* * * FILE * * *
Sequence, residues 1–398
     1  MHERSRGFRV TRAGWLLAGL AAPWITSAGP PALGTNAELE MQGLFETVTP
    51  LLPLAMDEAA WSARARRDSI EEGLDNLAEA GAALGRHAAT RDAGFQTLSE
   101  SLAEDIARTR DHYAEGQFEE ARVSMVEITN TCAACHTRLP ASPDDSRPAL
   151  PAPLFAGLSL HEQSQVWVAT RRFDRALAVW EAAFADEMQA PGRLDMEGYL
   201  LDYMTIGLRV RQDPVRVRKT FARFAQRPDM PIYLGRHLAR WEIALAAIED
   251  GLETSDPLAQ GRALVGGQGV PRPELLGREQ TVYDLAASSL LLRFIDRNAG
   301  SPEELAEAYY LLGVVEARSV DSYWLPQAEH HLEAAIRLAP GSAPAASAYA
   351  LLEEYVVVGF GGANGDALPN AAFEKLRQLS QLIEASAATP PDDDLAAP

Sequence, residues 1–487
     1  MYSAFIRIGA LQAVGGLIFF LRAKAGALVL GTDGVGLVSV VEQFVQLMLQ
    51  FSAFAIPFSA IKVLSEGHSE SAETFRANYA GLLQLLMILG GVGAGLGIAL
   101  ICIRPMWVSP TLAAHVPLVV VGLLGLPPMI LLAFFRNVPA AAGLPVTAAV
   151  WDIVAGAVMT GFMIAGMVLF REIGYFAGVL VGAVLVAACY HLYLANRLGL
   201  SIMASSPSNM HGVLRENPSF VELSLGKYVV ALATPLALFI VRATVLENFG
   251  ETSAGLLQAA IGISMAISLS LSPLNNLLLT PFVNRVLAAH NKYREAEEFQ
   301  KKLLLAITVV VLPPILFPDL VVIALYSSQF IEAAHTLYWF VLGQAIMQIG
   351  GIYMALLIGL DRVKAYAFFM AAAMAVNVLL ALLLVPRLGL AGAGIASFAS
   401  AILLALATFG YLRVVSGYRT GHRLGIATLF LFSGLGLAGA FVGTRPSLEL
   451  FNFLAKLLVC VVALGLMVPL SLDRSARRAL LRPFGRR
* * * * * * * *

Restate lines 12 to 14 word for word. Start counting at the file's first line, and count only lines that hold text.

    51  FSAFAIPFSA IKVLSEGHSE SAETFRANYA GLLQLLMILG GVGAGLGIAL
   101  ICIRPMWVSP TLAAHVPLVV VGLLGLPPMI LLAFFRNVPA AAGLPVTAAV
   151  WDIVAGAVMT GFMIAGMVLF REIGYFAGVL VGAVLVAACY HLYLANRLGL